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Impact of indices on MySQL

It is generally well known that indexes help a lot to speed up database queries (especially SELECT but also UPDATE and DELETE). It is less known, that indexes also have some disadvantages.

One of these disadvantages is, that indexes require space in memory and on disk. An other disadvantage of indexes is, that they slow down DML statements like INSERT and DELETE.

We often see at our customers that they do not realized this behavior. Now I found the time to show the impact of (too) many indexes graphically.

In the following test scenario we created a simple table:


and added some indexes:


Then we did 10 times 500k simple INSERT statements to this table.

What we can clearly see is for every index we add to the table the INSERTs will take longer and longer.



The database parameters were as follows:

key_buffer_size         = 384M
sort_buffer_size        = 256M
read_buffer             =   8M
myisam_sort_buffer_size = 128M

The INSERTs were running single threaded.

In our example we were just indexing INT values (4 bytes in size). But I predict that it becomes even slower, when we index VARCHAR fields.

This situation will become even worse when you get pressure to your RAM or when the MyISAM key buffer will become too small and/or if you have pressure to your I/O system.

When you go to the limits of your hardware you should find a good balance between as many indexes as necessary but as little indexes as possible.

When you want to get rid of indexes the quick wins are indexes which are completely redundant. This happens when the people who create the indexes are not looking if such an index already exists.

An other quick win are indexes which are partially redundant (from left to right). With such indexes it does often not make sense to keep both of them (except you make use of covering indexes and explicitly specified them for this purpose).

It is a bit more tricky to find indexes which are never used. How this works out we will see in a later post.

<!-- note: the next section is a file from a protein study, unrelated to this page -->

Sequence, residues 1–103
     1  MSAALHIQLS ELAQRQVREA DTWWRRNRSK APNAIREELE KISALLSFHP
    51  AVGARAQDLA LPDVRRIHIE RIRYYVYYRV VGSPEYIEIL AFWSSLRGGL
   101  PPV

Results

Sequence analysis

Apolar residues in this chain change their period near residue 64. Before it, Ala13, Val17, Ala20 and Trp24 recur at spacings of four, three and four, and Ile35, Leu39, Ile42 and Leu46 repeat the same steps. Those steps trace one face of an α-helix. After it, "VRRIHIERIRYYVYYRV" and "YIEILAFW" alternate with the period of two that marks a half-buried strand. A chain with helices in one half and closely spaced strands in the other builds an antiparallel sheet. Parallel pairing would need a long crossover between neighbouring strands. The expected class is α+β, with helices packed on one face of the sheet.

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Using MyISAM is just asking for poor performance. Try using a storage engine that is actually good at indexing. For example, InnoDB offers a substantial improvement (perhaps a factor of 4) over MyISAM for maintaining indexes. InnoDB uses an change buffer to achieve that performance. For really high DML operations, try TokuDB (, which is about ten times faster than InnoDB. TokuDB uses fractal tree indexes to achieve its performance. Both InnoDB and TokuDB are transactional and can recover from crashes. MyISAM will corrupt your data on a crash.
Bradley C. Kuszmaulcomment

Moin Bradley, the post is about the increasing cost of maintaining (more) indexes. Secondary indexes with InnoDB are even more expensive. Think about a UUID-PK and every secondary saved separately to the PK. So I doubt there is no increasing cost using InnoDB. (And only this would counter the essence of the blog.) I don't know TokuDB, but as TokuDB is *not* GPL who cares?

You are correct that indexes cost something in InnoDB. However, if you measure InnoDB you will likely find it is much faster than MyISAM for insertions when maintaining an index on a large table. My measurements (and others, such as Mark Callaghan at Facebook) say that InnoDB is faster (maybe 4x) for this kind of load. Also you are correct that some people will not consider using a non-GPL storage engine, and that's fine. That's part of why I am pointing out that InnoDB is far better suited than MyISAM for the load you measured. Some people are willing to use a non-GPL storage engine if it offers some other advantage, however. In the case of TokuDB, one advantage is more than a 10x performance improvement for this kind of load. (There are other advantages such as compression.) I read your home page, which says you offer "vendor neutral" consulting, and that you are in the business of recommending the best solution to meet your clients needs. I hope that there are some situations where TokuDB would be the best solution to meet your clients needs, and if you find such a client, I hope we can work together. -Bradley